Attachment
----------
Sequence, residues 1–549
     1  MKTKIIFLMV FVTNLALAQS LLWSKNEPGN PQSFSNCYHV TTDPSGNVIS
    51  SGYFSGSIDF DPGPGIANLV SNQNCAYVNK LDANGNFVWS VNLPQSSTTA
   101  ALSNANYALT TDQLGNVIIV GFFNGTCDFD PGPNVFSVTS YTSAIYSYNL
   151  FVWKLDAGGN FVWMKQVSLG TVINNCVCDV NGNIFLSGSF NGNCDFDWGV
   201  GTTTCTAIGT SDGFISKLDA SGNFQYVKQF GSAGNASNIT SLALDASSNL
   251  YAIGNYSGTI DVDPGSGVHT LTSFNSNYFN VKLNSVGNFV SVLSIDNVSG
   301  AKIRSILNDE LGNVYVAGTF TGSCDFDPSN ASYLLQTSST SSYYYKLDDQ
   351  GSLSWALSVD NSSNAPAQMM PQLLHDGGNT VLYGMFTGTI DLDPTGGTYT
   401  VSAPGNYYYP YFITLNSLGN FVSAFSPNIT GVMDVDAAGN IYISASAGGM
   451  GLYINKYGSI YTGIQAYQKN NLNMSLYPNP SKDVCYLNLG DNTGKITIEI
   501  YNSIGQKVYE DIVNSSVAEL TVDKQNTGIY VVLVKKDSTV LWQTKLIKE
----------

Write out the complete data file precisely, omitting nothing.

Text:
Sequence, residues 1–549
     1  MKTKIIFLMV FVTNLALAQS LLWSKNEPGN PQSFSNCYHV TTDPSGNVIS
    51  SGYFSGSIDF DPGPGIANLV SNQNCAYVNK LDANGNFVWS VNLPQSSTTA
   101  ALSNANYALT TDQLGNVIIV GFFNGTCDFD PGPNVFSVTS YTSAIYSYNL
   151  FVWKLDAGGN FVWMKQVSLG TVINNCVCDV NGNIFLSGSF NGNCDFDWGV
   201  GTTTCTAIGT SDGFISKLDA SGNFQYVKQF GSAGNASNIT SLALDASSNL
   251  YAIGNYSGTI DVDPGSGVHT LTSFNSNYFN VKLNSVGNFV SVLSIDNVSG
   301  AKIRSILNDE LGNVYVAGTF TGSCDFDPSN ASYLLQTSST SSYYYKLDDQ
   351  GSLSWALSVD NSSNAPAQMM PQLLHDGGNT VLYGMFTGTI DLDPTGGTYT
   401  VSAPGNYYYP YFITLNSLGN FVSAFSPNIT GVMDVDAAGN IYISASAGGM
   451  GLYINKYGSI YTGIQAYQKN NLNMSLYPNP SKDVCYLNLG DNTGKITIEI
   501  YNSIGQKVYE DIVNSSVAEL TVDKQNTGIY VVLVKKDSTV LWQTKLIKE